Let’s Call Boston’s ‘Brain Drain’ What It Is

It’s really just a missed opportunity to attract more college graduates.

Photo via Twitter

Photo via Twitter

The Federal Reserve Bank of Boston released a study showing that New England retains a smaller share of its college graduates to work in the region than other census areas—this is the infamous “brain drain” about which Boston’s interested parties periodically stress out.

The drain is bad news, and it’d be a good number to improve if policymakers and universities can find a way. But amid talk on the subject it seems that an important point is taken for granted: because we get so many non-New Englanders to come here for college, we don’t actually have a drain. Just less of a flood than we’d like. That’s because we’re still a net importer of college graduates. The Fed report’s author senior economist Alicia Sasser Modestino acknowledges that:

“… For a given college class [New England] comes out ahead, actually adding each year to the number of recent college graduates beyond what it would have if it educated only its native population.”

In fact, because we attract so many non-native college students, and non-native college students are generally less likely to stay in the region where they went to school, we’re at a natural disadvantage in terms of how our statistics for college grad retention measure up with the rest of the country. Our numbers are just doomed to look worse because we have such good luck in getting people to come here for school.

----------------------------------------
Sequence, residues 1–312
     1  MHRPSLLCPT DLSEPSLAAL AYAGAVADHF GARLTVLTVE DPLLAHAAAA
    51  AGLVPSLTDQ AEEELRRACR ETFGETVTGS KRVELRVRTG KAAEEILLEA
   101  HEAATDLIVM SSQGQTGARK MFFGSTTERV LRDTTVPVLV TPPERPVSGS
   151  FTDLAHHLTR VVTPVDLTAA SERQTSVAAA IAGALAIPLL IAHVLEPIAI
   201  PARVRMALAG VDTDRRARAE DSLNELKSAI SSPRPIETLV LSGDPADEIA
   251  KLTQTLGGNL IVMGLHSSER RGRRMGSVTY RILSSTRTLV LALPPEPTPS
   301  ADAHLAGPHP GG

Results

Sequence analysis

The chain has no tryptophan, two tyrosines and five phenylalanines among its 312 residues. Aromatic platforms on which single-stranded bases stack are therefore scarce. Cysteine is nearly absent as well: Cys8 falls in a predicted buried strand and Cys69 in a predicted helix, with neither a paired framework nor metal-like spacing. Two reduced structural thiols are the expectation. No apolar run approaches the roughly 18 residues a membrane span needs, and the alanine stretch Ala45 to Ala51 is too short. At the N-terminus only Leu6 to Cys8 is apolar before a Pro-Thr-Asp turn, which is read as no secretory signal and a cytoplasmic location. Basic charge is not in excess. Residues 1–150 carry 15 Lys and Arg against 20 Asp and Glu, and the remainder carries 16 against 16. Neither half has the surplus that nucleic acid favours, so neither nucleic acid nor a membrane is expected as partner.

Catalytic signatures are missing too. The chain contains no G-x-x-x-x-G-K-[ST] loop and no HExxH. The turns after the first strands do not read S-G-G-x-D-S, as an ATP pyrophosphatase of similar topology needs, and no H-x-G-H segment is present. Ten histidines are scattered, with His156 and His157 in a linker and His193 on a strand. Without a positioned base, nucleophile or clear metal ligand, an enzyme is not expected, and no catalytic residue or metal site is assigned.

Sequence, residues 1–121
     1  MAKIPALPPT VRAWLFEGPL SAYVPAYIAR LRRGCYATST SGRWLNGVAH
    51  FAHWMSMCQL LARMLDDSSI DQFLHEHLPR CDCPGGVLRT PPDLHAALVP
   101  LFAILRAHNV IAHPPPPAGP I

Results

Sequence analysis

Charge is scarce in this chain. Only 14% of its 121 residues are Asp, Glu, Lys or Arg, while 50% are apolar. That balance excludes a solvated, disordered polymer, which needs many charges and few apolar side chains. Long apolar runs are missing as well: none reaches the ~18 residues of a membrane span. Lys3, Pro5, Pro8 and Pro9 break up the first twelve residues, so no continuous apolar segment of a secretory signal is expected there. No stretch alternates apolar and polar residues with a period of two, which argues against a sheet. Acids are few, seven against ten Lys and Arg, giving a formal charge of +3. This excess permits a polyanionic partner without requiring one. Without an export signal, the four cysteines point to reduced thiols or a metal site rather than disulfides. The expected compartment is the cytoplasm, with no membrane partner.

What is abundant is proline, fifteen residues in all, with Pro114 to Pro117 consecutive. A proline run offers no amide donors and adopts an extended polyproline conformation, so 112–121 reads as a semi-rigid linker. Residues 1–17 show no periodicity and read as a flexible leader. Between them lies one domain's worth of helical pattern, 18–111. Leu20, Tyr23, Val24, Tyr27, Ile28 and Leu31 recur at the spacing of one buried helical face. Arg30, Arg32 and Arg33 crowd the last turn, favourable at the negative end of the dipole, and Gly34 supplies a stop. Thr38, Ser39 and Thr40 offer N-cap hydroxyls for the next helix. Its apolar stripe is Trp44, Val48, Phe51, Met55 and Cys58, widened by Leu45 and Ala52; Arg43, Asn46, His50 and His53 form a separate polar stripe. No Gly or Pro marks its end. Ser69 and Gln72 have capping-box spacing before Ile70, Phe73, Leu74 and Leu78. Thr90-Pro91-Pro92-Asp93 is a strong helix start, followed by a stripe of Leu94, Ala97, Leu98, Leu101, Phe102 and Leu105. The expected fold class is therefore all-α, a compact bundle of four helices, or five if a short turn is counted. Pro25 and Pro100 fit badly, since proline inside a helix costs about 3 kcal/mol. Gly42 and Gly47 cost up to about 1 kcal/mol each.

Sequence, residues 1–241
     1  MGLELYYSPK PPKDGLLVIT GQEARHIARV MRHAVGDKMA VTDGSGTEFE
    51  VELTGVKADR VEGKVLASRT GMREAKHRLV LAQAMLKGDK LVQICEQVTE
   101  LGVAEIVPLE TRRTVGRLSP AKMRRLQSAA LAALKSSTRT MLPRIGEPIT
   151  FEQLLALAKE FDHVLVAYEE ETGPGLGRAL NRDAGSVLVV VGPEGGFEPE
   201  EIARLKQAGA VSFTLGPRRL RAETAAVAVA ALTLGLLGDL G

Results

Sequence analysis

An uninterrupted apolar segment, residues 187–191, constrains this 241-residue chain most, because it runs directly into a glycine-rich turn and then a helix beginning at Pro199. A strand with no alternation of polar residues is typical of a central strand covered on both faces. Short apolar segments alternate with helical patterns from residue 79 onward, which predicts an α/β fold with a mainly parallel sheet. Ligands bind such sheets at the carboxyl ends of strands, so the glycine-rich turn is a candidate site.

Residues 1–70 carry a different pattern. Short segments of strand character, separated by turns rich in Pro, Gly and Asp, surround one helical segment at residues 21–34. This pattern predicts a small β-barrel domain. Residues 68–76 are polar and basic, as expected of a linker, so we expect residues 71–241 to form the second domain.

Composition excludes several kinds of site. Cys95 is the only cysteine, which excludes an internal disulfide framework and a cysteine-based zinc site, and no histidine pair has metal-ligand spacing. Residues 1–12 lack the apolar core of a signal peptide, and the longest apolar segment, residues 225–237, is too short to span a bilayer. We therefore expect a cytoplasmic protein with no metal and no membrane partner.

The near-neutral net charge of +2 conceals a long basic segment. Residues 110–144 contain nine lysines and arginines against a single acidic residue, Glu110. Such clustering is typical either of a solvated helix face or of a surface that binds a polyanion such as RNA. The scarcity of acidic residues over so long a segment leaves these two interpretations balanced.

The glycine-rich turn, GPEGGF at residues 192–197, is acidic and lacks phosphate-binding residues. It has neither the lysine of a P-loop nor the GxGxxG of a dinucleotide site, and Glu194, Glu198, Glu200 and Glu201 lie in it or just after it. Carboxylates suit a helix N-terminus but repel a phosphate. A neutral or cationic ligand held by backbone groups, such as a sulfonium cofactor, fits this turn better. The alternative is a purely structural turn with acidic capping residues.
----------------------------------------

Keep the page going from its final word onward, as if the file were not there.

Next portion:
But whatever the reasons, the simple fact remains that we attract a lower share of college graduates, both native and non-native, than do other regions. We retain 63.6 percent of our college grads, compared to 88 percent in the Pacific region. Breaking that down to look just at those who came from elsewhere to study, we retain 18.6 percent of our non-native college students. The Pacific region keeps 52 percent! (Curse you, California sun, and your powers of persuasion!)

If we could pull off California’s numbers, we’d be able to capitalize more on our advantage bringing college kids into our region than other areas, and we’d wind up with a larger number of skilled employees in our regional economy.

Furthermore, Modestino suggests that we can achieve improvement.

“Contrary to conventional wisdom, recent college graduates are leaving New England primarily for job-related reasons – not housing costs,” Modestino says in the Boston Globe. “This suggests that states can take tangible steps to retain more recent college graduates by building stronger ties between colleges and employers.”

The report itself is pretty dry but worth a read for anyone wanting to understand just where New England stands compared with the nation and what’s motivating it.

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  • Kristina

    I grew up in the area and also went to school there. Sadly with the price of going to school in Boston (and the massive amount I know owe in student loans) and the lack of jobs for new graduates I could not afford to stay. This may well be the case for many others.